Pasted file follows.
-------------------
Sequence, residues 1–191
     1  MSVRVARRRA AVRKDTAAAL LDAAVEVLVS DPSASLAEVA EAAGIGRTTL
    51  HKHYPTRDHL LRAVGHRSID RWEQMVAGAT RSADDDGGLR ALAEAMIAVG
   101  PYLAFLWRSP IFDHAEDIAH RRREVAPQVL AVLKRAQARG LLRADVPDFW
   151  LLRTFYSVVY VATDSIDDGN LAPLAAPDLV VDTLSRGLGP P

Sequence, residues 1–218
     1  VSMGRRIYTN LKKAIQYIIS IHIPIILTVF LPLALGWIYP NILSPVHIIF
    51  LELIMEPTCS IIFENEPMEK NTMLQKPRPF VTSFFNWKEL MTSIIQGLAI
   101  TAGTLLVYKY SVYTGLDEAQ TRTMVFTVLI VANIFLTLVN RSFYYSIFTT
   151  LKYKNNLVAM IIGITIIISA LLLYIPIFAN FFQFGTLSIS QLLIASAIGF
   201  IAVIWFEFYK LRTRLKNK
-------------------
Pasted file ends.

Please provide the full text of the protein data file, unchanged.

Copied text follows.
Sequence, residues 1–191
     1  MSVRVARRRA AVRKDTAAAL LDAAVEVLVS DPSASLAEVA EAAGIGRTTL
    51  HKHYPTRDHL LRAVGHRSID RWEQMVAGAT RSADDDGGLR ALAEAMIAVG
   101  PYLAFLWRSP IFDHAEDIAH RRREVAPQVL AVLKRAQARG LLRADVPDFW
   151  LLRTFYSVVY VATDSIDDGN LAPLAAPDLV VDTLSRGLGP P

Sequence, residues 1–218
     1  VSMGRRIYTN LKKAIQYIIS IHIPIILTVF LPLALGWIYP NILSPVHIIF
    51  LELIMEPTCS IIFENEPMEK NTMLQKPRPF VTSFFNWKEL MTSIIQGLAI
   101  TAGTLLVYKY SVYTGLDEAQ TRTMVFTVLI VANIFLTLVN RSFYYSIFTT
   151  LKYKNNLVAM IIGITIIISA LLLYIPIFAN FFQFGTLSIS QLLIASAIGF
   201  IAVIWFEFYK LRTRLKNK